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Wendy Steiner in The Scandal of Pleasure:

Art occupied a different moral space from that presented in identity politics, because art is virtual. We will not be led into fascism or rape or child abuse or racial oppression through aesthetic experience. Quite the contrary – the more practiced we are in fantasy the better we will master its difference from the real.

This sort of argument, one that we’re all familiar with and one – especially if we’re teachers – we find ourselves functionally endorsing from time to time or even often. For instance. when I teach Heart of Darkness, and we come to this –

“What saves us is efficiency–the devotion to efficiency. But these chaps were not much account, really. They were no colonists; their administration was merely a squeeze, and nothing more, I suspect. They were conquerors, and for that you want only brute force–nothing to boast of, when you have it, since your strength is just an accident arising from the weakness of others. They grabbed what they could get for the sake of what was to be got. It was just robbery with violence, aggravated murder on a great scale, and men going at it blind–as is very proper for those who tackle a darkness. The conquest of the earth, which mostly means the taking it away from those who have a different complexion or slightly flatter noses than ourselves, is not a pretty thing when you look into it too much. What redeems it is the idea only. An idea at the back of it; not a sentimental pretense but an idea; and an unselfish belief in the idea–something you can set up, and bow down before, and offer a sacrifice to. . . .”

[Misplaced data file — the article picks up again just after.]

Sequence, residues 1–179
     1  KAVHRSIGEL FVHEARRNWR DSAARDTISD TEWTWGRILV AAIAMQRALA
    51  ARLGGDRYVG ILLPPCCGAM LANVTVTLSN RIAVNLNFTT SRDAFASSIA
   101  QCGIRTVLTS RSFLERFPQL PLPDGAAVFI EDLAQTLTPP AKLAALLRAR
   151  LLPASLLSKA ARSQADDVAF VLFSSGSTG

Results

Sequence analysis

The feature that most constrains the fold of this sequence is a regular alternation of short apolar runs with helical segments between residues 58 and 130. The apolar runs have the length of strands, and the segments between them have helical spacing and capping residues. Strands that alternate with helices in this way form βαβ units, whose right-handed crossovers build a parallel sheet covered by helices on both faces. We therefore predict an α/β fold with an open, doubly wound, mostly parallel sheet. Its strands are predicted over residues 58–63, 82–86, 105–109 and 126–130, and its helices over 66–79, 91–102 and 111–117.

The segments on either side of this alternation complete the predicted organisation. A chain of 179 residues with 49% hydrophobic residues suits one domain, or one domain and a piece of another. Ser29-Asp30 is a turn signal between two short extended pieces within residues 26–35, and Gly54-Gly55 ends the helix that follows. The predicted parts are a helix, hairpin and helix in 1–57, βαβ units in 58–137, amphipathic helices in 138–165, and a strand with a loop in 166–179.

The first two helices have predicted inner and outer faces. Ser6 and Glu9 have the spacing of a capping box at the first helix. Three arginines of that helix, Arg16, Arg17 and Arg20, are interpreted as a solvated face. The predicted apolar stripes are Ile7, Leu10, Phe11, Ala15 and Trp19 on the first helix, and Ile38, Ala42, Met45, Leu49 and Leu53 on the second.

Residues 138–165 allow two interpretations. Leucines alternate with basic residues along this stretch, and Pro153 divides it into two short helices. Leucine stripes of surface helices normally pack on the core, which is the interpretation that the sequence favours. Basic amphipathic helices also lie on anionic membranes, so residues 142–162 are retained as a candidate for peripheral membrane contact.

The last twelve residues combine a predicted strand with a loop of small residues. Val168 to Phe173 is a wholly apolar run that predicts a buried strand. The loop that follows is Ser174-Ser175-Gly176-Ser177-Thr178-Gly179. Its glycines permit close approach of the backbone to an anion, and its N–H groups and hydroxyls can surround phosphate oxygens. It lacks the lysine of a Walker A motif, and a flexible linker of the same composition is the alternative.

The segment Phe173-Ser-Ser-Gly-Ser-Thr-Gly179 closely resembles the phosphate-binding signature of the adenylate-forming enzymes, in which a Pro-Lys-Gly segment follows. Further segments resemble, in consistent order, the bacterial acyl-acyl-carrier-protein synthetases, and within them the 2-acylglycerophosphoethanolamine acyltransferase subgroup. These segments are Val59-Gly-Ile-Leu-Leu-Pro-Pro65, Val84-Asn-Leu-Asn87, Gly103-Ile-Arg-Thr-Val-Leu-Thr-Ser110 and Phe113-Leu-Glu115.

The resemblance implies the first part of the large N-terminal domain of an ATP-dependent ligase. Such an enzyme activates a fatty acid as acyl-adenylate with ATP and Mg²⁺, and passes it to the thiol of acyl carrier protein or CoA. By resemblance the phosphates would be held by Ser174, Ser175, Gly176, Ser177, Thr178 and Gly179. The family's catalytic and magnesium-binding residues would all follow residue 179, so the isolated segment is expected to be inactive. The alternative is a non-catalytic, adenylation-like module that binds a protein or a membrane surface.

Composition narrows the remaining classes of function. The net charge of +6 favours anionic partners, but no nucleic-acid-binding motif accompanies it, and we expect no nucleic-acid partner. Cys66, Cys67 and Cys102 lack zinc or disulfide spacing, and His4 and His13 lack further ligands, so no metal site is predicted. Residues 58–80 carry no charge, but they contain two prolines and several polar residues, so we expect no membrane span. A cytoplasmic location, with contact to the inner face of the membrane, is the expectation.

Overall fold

– of course, in the back of my mind is a sense that perhaps if they could learn to see (upon first reading, not my retelling) the fact that the “idea” is unspecified, can’t be explained further (at least without complications), these students might turn a slightly more skeptical ear towards the empty ideological gestures of the guardians of “efficiency” today.

But this isn’t all that art does, is it? A dribble of pleasure, and a little education in the difference between artifice and reality? The forms of art only lessons in distortion, skips and static in the recording that we can listen for, so that we can know the difference between the song of the sparrow and the recording of the song of the sparrow? The represented content of the work only there to show us how easy it is to translate the things of the world, the recognizable, into the artificial and false?

This can’t be it…

On the other hand, and this is where things get a bit complicated, isn’t Steiner’s rather banal formulation simply the negative, pedagogical form of Adorno’s evocation of artistic autonomy in his Aesthetic Theory?

By virtue of its rejection of the empirical world – a rejection that inheres in art’s concept and thus is no mere escape, but a law immanent to it – art sanctions the primacy of reality.

More to come…

Written by adswithoutproducts

April 4, 2006 at 1:47 am

Posted in conrad, literature

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